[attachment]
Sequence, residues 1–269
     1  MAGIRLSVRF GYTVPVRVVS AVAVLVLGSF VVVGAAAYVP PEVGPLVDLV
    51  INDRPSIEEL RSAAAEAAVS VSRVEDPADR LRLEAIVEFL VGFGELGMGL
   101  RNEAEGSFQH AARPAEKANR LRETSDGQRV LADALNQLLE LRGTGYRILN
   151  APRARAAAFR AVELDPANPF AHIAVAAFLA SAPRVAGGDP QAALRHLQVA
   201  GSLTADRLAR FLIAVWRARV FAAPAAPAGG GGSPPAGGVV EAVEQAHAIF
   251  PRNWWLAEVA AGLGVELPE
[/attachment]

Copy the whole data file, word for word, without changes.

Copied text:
Sequence, residues 1–269
     1  MAGIRLSVRF GYTVPVRVVS AVAVLVLGSF VVVGAAAYVP PEVGPLVDLV
    51  INDRPSIEEL RSAAAEAAVS VSRVEDPADR LRLEAIVEFL VGFGELGMGL
   101  RNEAEGSFQH AARPAEKANR LRETSDGQRV LADALNQLLE LRGTGYRILN
   151  APRARAAAFR AVELDPANPF AHIAVAAFLA SAPRVAGGDP QAALRHLQVA
   201  GSLTADRLAR FLIAVWRARV FAAPAAPAGG GGSPPAGGVV EAVEQAHAIF
   251  PRNWWLAEVA AGLGVELPE